Area Forecast Discussion
Issued by NWS Portland, ME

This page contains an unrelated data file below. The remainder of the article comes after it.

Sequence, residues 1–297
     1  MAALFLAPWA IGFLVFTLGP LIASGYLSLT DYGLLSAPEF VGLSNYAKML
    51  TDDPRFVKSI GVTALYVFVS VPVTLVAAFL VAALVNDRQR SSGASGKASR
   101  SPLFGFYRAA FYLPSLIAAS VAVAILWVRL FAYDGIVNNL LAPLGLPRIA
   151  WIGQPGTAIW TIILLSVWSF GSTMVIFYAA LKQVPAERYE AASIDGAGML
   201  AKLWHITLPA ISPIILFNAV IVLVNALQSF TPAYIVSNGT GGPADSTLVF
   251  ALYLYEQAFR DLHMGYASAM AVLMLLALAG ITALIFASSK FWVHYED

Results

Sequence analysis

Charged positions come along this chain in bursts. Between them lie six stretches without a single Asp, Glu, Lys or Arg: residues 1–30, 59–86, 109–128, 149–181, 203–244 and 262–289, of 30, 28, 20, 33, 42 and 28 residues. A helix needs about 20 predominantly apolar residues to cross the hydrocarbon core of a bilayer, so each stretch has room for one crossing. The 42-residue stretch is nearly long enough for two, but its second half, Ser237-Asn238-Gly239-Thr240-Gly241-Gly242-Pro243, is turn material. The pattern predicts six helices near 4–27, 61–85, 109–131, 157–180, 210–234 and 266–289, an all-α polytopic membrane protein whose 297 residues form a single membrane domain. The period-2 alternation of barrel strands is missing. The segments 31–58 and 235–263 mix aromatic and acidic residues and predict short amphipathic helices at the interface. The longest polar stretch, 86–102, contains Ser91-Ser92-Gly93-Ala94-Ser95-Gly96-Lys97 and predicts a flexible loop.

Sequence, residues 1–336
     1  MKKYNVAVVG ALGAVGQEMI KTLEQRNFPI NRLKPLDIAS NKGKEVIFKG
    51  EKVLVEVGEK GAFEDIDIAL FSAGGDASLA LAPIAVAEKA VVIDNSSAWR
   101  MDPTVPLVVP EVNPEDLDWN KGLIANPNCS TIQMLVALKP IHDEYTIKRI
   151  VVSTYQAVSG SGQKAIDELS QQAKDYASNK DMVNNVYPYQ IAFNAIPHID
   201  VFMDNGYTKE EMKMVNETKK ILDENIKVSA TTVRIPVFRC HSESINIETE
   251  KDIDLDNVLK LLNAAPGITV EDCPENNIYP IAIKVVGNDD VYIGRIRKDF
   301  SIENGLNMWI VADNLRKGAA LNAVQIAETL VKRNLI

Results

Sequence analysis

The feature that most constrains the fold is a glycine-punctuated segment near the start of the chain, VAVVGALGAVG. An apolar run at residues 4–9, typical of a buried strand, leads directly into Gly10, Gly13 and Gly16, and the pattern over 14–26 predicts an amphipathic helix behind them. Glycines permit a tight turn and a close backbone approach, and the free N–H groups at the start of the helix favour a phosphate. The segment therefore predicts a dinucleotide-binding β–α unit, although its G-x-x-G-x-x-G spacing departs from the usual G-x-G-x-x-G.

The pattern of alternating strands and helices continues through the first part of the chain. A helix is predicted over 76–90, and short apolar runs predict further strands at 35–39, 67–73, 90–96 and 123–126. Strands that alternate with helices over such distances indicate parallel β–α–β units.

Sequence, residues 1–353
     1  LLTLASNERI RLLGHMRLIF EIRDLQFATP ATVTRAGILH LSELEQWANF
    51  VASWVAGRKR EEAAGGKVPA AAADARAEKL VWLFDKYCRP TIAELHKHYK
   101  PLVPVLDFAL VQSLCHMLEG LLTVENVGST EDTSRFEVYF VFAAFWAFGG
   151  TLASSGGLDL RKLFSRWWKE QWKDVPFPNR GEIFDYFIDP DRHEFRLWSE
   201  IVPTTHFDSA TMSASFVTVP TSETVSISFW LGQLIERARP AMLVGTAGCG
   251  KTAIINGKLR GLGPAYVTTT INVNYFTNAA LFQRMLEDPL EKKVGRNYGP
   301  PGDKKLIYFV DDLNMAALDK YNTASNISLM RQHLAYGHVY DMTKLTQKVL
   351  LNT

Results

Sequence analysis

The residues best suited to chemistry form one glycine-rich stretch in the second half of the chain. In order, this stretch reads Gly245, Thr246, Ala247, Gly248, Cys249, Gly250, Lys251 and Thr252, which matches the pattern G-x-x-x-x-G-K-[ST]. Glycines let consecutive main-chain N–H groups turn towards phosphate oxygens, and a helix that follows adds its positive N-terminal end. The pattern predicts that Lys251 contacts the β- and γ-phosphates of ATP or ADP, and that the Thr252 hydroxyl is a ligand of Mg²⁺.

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000 FXUS61 KGYX 070019 AFDGYX Area Forecast Discussion National Weather Service Gray ME 719 PM EST Tue Dec 6 2016 .SYNOPSIS... High pressure moves off to the east tonight while an elongated trough of low pressure moves into New England from the west by morning. This will spread some light snow into parts of the area around the morning rush hour, but accumulations are expected to be very light. A slow moving upper level low pressure system will move through southern Canada Thursday and Friday, spreading some snow showers into the mountains. This will also drive a cold front through the area later on Friday bringing much colder weather for the weekend. && .NEAR TERM /UNTIL 6 AM WEDNESDAY MORNING/... 715 PM...Previous forecast look in good shape, and have only adjusted temps a bit overnight, mainly to show mins a little bit earlier, around or shortly before midnight across NH. Otherwise , could see a few flurries in Srn NH and the CT vly after midnight, but a steadier light snow looks to hold off until shortly before daybreak in these areas, 09-11Z, as precip works to moisten some very dry mid layers. Previously...Regional radar shows precipitation spreading through northeast Pennsylvania and northern New Jersey as of around 3PM. This is in association with a shortwave trough and developing surface low pressure tracking through the Mid Atlantic states. This feature is expected to move east to the south of New England tonight into Wednesday, while another spoke of energy rotates around the upper level low currently over Minnesota and moving into the Great Lakes. Northern New England will be caught in between these two diverging systems, with some of the moisture associated with the southern one being pulled northward into the upper low. As a result, we expect that as precipitation moves in from the southwest during the early morning hours, it will decrease in intensity and eventually dissipate as it moves east. For tonight, high pressure moves east while high level cirrus clouds begin moving in from the southwest. With high pressure over eastern parts of the area for the first part of the evening, expect pretty good radiational cooling conditions especially considering the snow cover. Although clouds will be increasing with time, as recent history has shown us these high level clouds do not have near as much of an insulating effect as lower clouds would. Temperature forecast tonight will be quite tricky, as temperatures will likely level off around midnight or possibly rise a bit over New Hampshire as clouds increase and light snow moves in. Temperatures will range from the upper teens in the east to the upper 20s in the southwest. && .SHORT TERM /6 AM WEDNESDAY MORNING THROUGH WEDNESDAY NIGHT/... Light snow should have begun moving into New Hampshire by Wednesday morning. Given the disconnect between the two diverging systems, expect total precipitation amounts to be fairly light. Precipitation type should be mostly snow, though temperatures will warm as precipitation ends and there could be some sprinkles of light rain as precipitation ends. Total snowfall amounts should be around an inch or less, with even lesser amounts further to the east. Should see some breaks in the clouds Wednesday night to the south of the mountains which will allow temperatures to fall back into the mid to upper 20s for most of the area. && .LONG TERM /THURSDAY THROUGH TUESDAY/... The general pattern in the extended is a wintry look. The 06.12z GEFS and ECMWF EPS agree on a few key features. Probably most importantly being ridging thru AK and the Arctic...pushing the cold air Swd into Canada. The proximity to the CONUS gives us a better chance at seeing at least modified pieces of that air mass. This is evident in the tendency for both ensemble suites to favor trofing across the Northeast. For example...the 06.12z ECMWF EPS keeps all of Nrn New England below 0C at 850 mb thru the end of the run. At the same time there is a faint signal for Southeast ridging...which should act to keep the storm track in our neighborhood. More specifically...Thu will begin the step down as a cold front crosses the forecast area. Upslope snow showers should be most prevalent...though a scattered flurry downwind of the mtns is possible. The upper trof axis lags back until early Fri...and another round of upslope snow showers and scattered flurries is likely with this feature. Cool NW flow and upslope snow showers continue thru the first half of the weekend. Sat night high pressure builds in...and could set the potential for a very cold night. With mid level temps in the negative teens to near minus 20 it has a shot at the coldest night of the season for many...including some sub-zero readings in Nrn zones. For now blended a little towards MEX guidance as the change in air mass and slightly anomalous nature will make the multi-model blend struggle to catch up. I say slightly anomalous because current forecasts are around one standard deviation below normal...cold but not really pushing records or anything. Attention will then be on late Sun into Mon. A strong trof moving thru the flow will be the next precip maker. Model guidance is aggressively dropping the polar vortex thru the Canadian Prairies and sending cold air Ewd...while this storm system is consolidating over the central CONUS. I am leaning on the cooler side of guidance for this system...especially in the Nrn zones. There is a mixing risk for areas south of the mtns and near the coast...but it is too early to get that detailed in the grids. For now kept things at a rain/snow mix for areas where warmth surface and aloft would be most likely to creep in. && .AVIATION /00Z WEDNESDAY THROUGH SUNDAY/... Short Term...VFR conditions should prevail through most of the night, but cloud heights will be decreasing from southwest to northeast by morning. Some light snow is possible as well, mainly at Lebanon and Whitefield, but minor accumulations are also possible at Concord and Manchester. Should see MVFR ceilings areawide on Wednesday as flurries or light snow track across the area. Some improvement to VFR is expected to the south of the mountains Wednesday night. Long Term...In general cold and dry NW flow is expected for the majority of terminals thru the weekend. The best chance for more widespread precip will be with the passage of the main upper trof. SHSN will be possible at all terminals...but most likely for HIE where upslope flow will enhance coverage. The upslope flow will keep MVFR or lower conditions lingering around HIE into Sat before high pressure builds in overnight. && .MARINE... Short Term...Light winds expected over the waters as a very weak trough moves across the Gulf of Maine late on Wednesday. Wave heights should remain quite low as well. Long Term...A series of cold fronts are forecast to cross the waters late in the week. This will bring about a long duration NW flow. This should allow seas to build above 5 ft on the outer waters...and a period of 25 kt gusts for all waters late in the week into Sat. && .GYX WATCHES/WARNINGS/ADVISORIES... ME...None. NH...None. MARINE...None. && $$ SYNOPSIS... NEAR TERM...Cempa/Kimble SHORT TERM...Kimble LONG TERM...Legro AVIATION... MARINE... is the U.S. government's official web portal to all federal, state and local government web resources and services.